Training — like the Rangers, training for the startup

Training table for the Big Red Car today — looking forward to a nice steak with a 10W40 mushroom sauce.  We are talking training today for both the Rangers and the startup.

So, in the continuum of crawl, walk, run — somewhere about the walk to run transformation, the startup should start thinking about training.

If you look at this picture of these sharp Rangers, the difference between them and the rest of the straight leg Army is the quality of their training. They train to their mission.

U.S. Army Rangers with the 75th Ranger Regiment make up the “honor platoon” in a funeral procession to the gravesite of Gen. (retired) Wayne A. Downing during his internment service at West Point, NY, Sept. 27, 2007.

Couple of tidbits to allow you to understand this picture:

 1. The Rangers are wearing Corcoran jump boots because they are paratroopers. We talked about Corcoran Jump Boots right here:

Adaptability — Breaking In Corcoran Jump Boots, A Metaphor For CEOs — Adapt

 2. The blue rifle with the silver oak leaves on their left chest above their ribbons is the CIB (combat infantryman’s badge) signifying the recipient has been in infantry combat with America’s enemies.
3. The orange arc with the word “RANGER” on it means they graduated from the US Army’s Ranger School at Fort Benning, the toughest training the Army has to offer.
4. The colored ribbons are “been there badges” — campaign ribbons — and awards for valor, heroism.
5. The green flashes on the epaulets of some of the men mean they are combat leaders — squad leaders, platoon sergeants, platoon leaders, and the Captain in front is likely a company commander. Being a Ranger company commander is akin to being a Chinese feudal war lord.

To become a Ranger these men had to graduate basic training, graduate advanced individual training (infantry), serve with an infantry unit to learn their trade, graduate Airborne School (death from the skies), and graduate Ranger School (50% attrition rate). Only then did they get to apply for and serve with the Ranger Regiment. The black and gold patch on their left shoulders is that of the 75th Ranger Regiment.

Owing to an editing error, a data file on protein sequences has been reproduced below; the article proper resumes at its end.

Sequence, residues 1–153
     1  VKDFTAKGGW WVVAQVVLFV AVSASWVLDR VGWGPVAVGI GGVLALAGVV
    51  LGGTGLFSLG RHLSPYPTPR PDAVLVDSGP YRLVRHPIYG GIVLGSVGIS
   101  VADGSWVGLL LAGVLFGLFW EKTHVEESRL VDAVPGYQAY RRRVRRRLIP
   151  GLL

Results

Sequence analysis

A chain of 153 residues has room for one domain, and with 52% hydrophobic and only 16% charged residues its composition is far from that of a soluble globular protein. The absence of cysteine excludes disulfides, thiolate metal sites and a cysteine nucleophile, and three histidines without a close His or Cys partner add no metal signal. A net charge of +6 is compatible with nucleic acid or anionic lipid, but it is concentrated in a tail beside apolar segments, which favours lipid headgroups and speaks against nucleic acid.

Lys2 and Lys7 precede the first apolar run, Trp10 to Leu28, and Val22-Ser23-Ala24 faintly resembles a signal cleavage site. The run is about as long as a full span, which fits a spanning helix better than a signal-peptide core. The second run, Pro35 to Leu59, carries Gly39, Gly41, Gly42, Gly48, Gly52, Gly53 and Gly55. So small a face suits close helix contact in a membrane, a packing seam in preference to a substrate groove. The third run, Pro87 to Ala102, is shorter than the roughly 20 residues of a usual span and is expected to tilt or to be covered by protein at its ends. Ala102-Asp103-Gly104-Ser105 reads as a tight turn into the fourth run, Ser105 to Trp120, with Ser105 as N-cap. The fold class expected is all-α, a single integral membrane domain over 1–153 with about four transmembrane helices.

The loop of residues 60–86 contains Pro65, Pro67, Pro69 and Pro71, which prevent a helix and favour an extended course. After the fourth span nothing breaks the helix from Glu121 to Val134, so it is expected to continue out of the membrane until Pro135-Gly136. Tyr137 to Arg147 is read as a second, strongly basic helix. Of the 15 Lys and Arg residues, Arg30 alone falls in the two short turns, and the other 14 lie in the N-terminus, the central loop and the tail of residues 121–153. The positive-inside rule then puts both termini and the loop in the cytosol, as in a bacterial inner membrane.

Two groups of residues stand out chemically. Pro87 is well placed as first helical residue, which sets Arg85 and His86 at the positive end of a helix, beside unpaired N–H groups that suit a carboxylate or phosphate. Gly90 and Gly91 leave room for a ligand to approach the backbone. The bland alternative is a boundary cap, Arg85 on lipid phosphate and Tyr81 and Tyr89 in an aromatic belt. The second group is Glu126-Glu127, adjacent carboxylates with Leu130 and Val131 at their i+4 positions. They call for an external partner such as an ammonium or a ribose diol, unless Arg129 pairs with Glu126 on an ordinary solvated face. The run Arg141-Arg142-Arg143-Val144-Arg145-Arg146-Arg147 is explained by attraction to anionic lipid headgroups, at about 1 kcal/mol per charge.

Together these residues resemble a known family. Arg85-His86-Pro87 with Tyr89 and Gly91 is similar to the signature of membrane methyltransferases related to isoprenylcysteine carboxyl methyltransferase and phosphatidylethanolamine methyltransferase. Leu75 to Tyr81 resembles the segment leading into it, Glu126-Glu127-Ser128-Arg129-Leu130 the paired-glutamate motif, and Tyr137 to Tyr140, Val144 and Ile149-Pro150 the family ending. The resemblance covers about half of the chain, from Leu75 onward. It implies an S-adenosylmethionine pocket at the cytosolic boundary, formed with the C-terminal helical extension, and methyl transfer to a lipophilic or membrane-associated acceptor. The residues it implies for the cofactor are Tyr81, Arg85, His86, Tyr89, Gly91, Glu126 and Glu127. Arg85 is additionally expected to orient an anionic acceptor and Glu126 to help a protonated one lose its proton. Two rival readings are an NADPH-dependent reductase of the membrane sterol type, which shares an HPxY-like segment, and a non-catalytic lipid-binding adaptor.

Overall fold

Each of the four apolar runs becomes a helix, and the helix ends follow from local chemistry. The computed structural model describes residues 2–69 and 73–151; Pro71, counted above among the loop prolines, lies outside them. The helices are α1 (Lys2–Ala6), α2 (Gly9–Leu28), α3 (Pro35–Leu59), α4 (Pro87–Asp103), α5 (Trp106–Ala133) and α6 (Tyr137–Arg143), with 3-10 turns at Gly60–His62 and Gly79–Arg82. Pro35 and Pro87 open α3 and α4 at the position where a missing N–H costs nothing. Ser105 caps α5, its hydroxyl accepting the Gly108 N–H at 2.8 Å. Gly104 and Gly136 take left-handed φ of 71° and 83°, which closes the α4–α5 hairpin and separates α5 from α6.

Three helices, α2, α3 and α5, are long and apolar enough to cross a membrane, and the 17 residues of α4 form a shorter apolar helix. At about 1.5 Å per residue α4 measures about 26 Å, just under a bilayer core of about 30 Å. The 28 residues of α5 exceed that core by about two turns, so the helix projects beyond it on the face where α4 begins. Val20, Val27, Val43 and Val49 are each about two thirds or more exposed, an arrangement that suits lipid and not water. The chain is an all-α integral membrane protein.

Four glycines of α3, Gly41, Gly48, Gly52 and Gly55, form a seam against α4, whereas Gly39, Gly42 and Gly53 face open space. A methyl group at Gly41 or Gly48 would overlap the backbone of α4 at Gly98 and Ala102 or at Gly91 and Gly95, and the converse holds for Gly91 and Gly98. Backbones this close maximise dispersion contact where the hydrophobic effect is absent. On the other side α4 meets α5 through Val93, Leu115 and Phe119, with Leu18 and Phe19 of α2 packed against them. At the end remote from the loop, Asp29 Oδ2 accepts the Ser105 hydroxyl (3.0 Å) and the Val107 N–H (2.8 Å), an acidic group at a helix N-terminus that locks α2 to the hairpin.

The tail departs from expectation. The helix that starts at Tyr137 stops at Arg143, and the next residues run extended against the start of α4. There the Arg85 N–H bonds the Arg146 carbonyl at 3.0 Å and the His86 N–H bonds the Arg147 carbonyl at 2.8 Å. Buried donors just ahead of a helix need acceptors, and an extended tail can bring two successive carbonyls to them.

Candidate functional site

What led them to the 75th Ranger Regiment? TRAINING and performance.

When they got to the Ranger Regiment, they underwent more and more training as the Rangers constantly trained to their missions. Constantly.

Training in your company

In your company, dear startup CEO, you can attain the same level of expertise by utilizing the same methodology — an organized, documented training program.

The Rangers train to their mission — such as parachuting into enemy territory, humping 20 miles to their objective, killing everybody there, and making it back to friendly lines. Rangers are prepared to fight behind enemy lines, win, and come home.

What is the process that you should be training to in your company? Identify the process — sales, production, marketing, whatever it is — and train for success in that process.

The first step is to identify and document the process. Once you do that, develop a training program to support excellence.

The difference between the Rangers and the rest of the straight leg Army is TRAINING.

The impediment to your company being a category killer may also be TRAINING.

What are we supposed to do, Big Red Car?

Dear reader, you are supposed to first THINK about training then decide whether your company might benefit from some training.

Then, you should identify which processes might be able to be “trained to.”

Then, you should sketch out a training program for one of the processes and take a long nap. You can, alternatively, float in a pool for a couple of hours.

Then, you should brainstorm it with the department which is going to undertake the training.

Then, you should actually do the training and get some feedback.

Then, you should perfect the program and make it part of your company’s ecosystem.

Then, you should conduct spaced repetition training — do it at a regular interval.

This is an experiment. You like experiments. You are good at experiments. Training will advance the cause, y’all.

Training is the first step on the pathway to mastery. Think about that.

You’ll wake up one day and say, “Hell, my company reminds me of those badass Rangers. Cause when you train, you get real good at stuff.”

But, hey, what the Hell do I really know anyway? I’m just a Big Red Car. Be good to each other and play nice.



3 thoughts on “Training — like the Rangers, training for the startup

  1. Yes, I’m concerned about training.

    I’m a sole, solo founder, and that’s the best way now, but that’s not what I’m working for, and hiring some people has to be part of the future.

    My startup is in information technology with the crucial core secret sauce some applied math I derived and exploiting current computing and the Internet.

    So, my startup needs some software development. As a solo founder, I’ve designed and written the software that should be enough for production to about $2 million a year in revenue.